This is not how it always was. The tradition of Senatorial deference to the executive branch was a powerful one, and died slowly: as recently as 1991, Clarence Thomas was confirmed by a 52-48 margin despite the Democrats holding a 57 seat majority, just two fewer than they do today. It is impossible to imagine such a circumstance today, and Thomas was certainly more controversial as a nominee at the time than Sotomayor could ever become (barring a hearing meltdown or some other unforeseen event - one assumes the Administration made sure she has paid her taxes). Thomas has since proven not only eminently qualified but intellectually distinctive as a Justice, and only the most extreme partisans would say he was not fit for the court on the merits - but a similar scandal, even a manufactured one, would be enough to derail a nominee not favored by the majority party.
Of course, now that they are the majority party, the Democrats who were prepared to put Roberts and Alito through similar paces and were frustrated in their efforts are prematurely criticizing Republicans for adopting their tactics of the past eight years. Dahlia Lithwick is one of the observers on the left who wants to put the horse back in the barn - but she is laughably late, and apparently unaware that the internet remembers what you wrote under a different administration.
They shouldn't have anything to worry about from the right. Besides Senators Sessions and Coburn, it's doubtful any of the members of the Judiciary Committee will do more than ruffle Sotomayor's feathers. While it may be true that Sotomayor was the candidate on Obama's short list most likely to inspire conservative opposition, the criticisms they have of Sotomayor come down to concerns over her decisions and her reputation for being an oft-overruled liberal. These complaints are the sort to rile up any Federalist Society member, but they simply are not transferable to any sort of public uproar, even including the likely overturning of her ruling on racial preferences and firefighters - it should be a minor embarassment, but one that would only matter if the margin in the Senate were reversed.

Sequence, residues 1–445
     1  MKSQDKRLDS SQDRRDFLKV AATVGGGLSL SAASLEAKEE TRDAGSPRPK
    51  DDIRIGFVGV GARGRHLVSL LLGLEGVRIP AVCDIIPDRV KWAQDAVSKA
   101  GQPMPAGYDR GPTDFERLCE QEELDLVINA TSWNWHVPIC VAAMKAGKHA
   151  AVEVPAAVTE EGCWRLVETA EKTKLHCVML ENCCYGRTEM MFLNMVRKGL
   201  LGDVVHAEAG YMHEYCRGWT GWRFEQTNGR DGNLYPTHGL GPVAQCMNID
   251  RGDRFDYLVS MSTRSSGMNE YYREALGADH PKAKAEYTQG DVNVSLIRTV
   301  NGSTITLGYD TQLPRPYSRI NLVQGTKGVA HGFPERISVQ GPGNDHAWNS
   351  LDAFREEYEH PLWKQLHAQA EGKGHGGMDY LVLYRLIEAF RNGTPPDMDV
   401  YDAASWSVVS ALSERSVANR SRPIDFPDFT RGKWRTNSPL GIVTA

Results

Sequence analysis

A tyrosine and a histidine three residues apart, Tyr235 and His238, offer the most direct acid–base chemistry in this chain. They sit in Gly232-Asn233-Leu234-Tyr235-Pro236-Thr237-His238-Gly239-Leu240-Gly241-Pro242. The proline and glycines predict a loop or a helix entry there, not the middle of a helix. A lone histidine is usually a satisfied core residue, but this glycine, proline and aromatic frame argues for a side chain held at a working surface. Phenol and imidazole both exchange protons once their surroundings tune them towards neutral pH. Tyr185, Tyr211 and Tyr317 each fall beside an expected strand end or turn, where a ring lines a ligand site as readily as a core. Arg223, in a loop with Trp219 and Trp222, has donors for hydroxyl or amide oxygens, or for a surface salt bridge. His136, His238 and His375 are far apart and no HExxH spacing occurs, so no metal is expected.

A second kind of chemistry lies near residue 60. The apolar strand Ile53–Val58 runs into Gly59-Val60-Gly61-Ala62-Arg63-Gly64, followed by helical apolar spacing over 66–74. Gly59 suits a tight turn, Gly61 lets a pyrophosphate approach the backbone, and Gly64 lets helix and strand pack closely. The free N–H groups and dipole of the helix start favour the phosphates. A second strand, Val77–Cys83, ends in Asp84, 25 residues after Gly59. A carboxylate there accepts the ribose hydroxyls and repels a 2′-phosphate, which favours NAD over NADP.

If anything, the first priority for the White House should be for reassuring a few of their most outspoken allies on the left, who already are expressing worry that as a Latino Catholic, Sotomayor could be a less than eager defender of Roe v. Wade. This is worth noting: given the chance to select Diane Wood, a brilliant legal voice and a hardened defender of unrestricted abortion rights, Obama went for the personal story that would appeal to the media instead, disappointing once again some of his supporters. But these groups should be expected to fall in line - Sotomayor gives no signs of being a stealth nominee for the pro-life cause.
This is what it all comes down to, in fact. As John Yoo notes, Sotomayor gives no signs of being a threat or an asset to any particular cause. It's unlikely that she'll be further left than the man she's replacing, and if she has the gift for motivating or shifting her fellow justices, she hasn't displayed it on the Second Circuit, where no one regards her as a leader. She is, in other words, unlikely to shift the Supreme Court in any direction, to any significant degree, from where it was before her arrival.
So is Judge Sotomayor a liberal? Yes. On paper, does her resume make her qualified? Despite questions about her decisions, yes (certainly more so than Harriet Miers). Will she vote as Souter did on Roe and other divisive social issues, her vaunted empathy extending only to those people who happen to be walking around? Almost assuredly. Should constitutional originalists, textualists, and strict constructionists approve of this nominee? Of course not.
But on balance, is she the least troublesome choice for the Supreme Court that those on the center-right could reasonably expect from this president - who, for all his moderate policies in other areas, is unreserved about being on the far left of the legal community - and embodies a Lifetime movie fulfillment of said judicial philosophy? I believe the answer is, emphatically, yes.